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Tony Lee Trio

Live: The Station

by Ian Mann

June 01, 2006


A real feel of symbiosis, everybody is having a good time. This is a very enjoyable album.

This is another live recording made at The Jagz Club at ‘The Station in Ascot’ following on from a CD by the Allan Ganley Quartet.

This hugely enjoyable session was recorded on 4th June 2000, and features three stalwarts of the British mainstream scene. Pianist Tony Lee has been a professional musician for over forty year, and he is joined by his long term associate Tony Archer on bass, and by the great Ronnie Verrell on drums. Verrell first made his name back in the 50’s with the Ted Heath Orchestra.

There are no real surprises here. The trio improvise on standards, most of them tried and tested, but do so with a swing and joie de vivre that is irresistible. After a slightly tentative opening “Don’t Get Around Much Anymore” they really hit their stride with “All The Things You Are” featuring some dynamic signature drum fills from Verrell, a device he deploys throughout the session. Archer also contributes a swinging, melodic solo.

“Stomping At The Savoy” keeps the pot bubbling and features Lee’s sparkling piano and Archer’s swinging bass.

“Cry Me A River” is a solo feature for Lee in which the mood varies from the reflective to the playful but the playing is always rooted in the blues and is constantly inventive.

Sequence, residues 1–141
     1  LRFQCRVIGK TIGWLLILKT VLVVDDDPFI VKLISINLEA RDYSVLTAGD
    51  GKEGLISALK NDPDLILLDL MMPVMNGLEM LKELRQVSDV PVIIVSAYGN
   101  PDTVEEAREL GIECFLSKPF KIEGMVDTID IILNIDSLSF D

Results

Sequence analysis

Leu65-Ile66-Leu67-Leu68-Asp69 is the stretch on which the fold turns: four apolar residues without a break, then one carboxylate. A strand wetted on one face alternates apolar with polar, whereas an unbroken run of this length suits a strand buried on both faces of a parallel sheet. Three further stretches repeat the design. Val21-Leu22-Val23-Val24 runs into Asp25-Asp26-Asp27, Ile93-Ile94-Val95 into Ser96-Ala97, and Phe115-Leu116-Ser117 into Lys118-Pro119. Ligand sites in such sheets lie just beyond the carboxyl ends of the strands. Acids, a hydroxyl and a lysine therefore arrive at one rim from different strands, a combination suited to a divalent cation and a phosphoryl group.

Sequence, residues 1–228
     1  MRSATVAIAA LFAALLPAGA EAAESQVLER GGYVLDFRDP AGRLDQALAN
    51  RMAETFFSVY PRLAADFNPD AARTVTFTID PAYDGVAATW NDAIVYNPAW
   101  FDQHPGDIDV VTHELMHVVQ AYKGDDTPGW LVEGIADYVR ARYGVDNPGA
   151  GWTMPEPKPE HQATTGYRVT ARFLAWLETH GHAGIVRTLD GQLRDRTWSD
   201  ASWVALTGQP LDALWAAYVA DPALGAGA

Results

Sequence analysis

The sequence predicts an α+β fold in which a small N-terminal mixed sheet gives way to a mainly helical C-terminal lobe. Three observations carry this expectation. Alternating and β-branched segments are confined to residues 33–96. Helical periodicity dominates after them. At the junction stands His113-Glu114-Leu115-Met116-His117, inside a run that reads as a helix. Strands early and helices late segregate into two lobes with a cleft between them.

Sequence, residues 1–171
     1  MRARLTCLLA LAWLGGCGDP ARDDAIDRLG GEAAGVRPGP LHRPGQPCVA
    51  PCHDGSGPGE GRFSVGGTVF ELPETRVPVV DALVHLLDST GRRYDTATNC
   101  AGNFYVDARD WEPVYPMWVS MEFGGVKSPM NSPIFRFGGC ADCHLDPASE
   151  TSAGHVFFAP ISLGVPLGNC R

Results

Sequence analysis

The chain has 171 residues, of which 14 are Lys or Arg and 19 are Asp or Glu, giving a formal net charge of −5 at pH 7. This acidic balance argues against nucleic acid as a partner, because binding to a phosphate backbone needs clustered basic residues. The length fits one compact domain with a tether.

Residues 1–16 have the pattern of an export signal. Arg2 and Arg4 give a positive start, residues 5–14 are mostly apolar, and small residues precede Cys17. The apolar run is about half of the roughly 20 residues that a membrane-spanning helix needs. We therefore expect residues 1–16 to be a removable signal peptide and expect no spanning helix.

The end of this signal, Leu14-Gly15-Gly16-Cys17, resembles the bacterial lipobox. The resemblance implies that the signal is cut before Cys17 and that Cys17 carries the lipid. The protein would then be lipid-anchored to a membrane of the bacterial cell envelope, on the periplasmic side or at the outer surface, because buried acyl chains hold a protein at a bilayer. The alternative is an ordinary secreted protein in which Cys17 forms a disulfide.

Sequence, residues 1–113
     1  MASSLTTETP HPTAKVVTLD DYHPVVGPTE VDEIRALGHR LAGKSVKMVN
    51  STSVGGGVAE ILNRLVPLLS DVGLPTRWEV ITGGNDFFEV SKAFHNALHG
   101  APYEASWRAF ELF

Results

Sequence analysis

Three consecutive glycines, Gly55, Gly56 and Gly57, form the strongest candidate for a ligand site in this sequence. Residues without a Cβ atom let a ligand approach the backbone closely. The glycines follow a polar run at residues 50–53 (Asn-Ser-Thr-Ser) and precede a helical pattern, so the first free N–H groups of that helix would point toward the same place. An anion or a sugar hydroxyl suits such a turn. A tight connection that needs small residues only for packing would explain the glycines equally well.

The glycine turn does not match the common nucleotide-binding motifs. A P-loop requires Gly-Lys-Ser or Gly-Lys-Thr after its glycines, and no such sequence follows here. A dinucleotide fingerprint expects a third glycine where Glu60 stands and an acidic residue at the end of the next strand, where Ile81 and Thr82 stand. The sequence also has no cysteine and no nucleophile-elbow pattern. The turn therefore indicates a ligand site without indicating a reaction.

“Get Me to The Church” is an unusual choice and adds a dash of humour to the proceedings including a quote from “The Pink Panther Theme”. The playing though is still excellent with more fireworks from Verrell.

With this being a live “warts and all” recording the false start to “How Could You Do A Thing Like That” is lovingly kept in. An apt title perhaps, but a good-humoured audience didn’t seem to mind at all and the main performance of the song is well worth waiting for.

A stately “Laura” features Verrell on brushes and shows the more restrained side of his musical character.

“Fly Me to The Moon” includes a wonderfully resonant solo from Archer which masterfully combines melody and swing. Verrell drives the whole thing along effortlessly and throws in more of those drum fills.

On “When I Fall In Love” Verrell is given greater solo space. Incorporating tribal rhythms he really hammers the tubs. The moods of this piece change quickly and the whole trio negotiate these changes with aplomb.

The closing “Cute” follows a similar path and that man Verrell is at it again upping the ante with yet more pyrotechnics. This solo is even more dynamic than it’s predecessor and while it’s true that Verrell steals the show he and Archer are still a great foil for Lee throughout the album.

The audience at the Jagz Club clearly loved it and their appreciation and enthusiasm is evident throughout the recording. Their mood quickly transmits itself to the players and there is a real feel of symbiosis, and of everybody having a good time. This is a very enjoyable album from three seasoned campaigners who still find a child like joy in their music making. Long may they continue.

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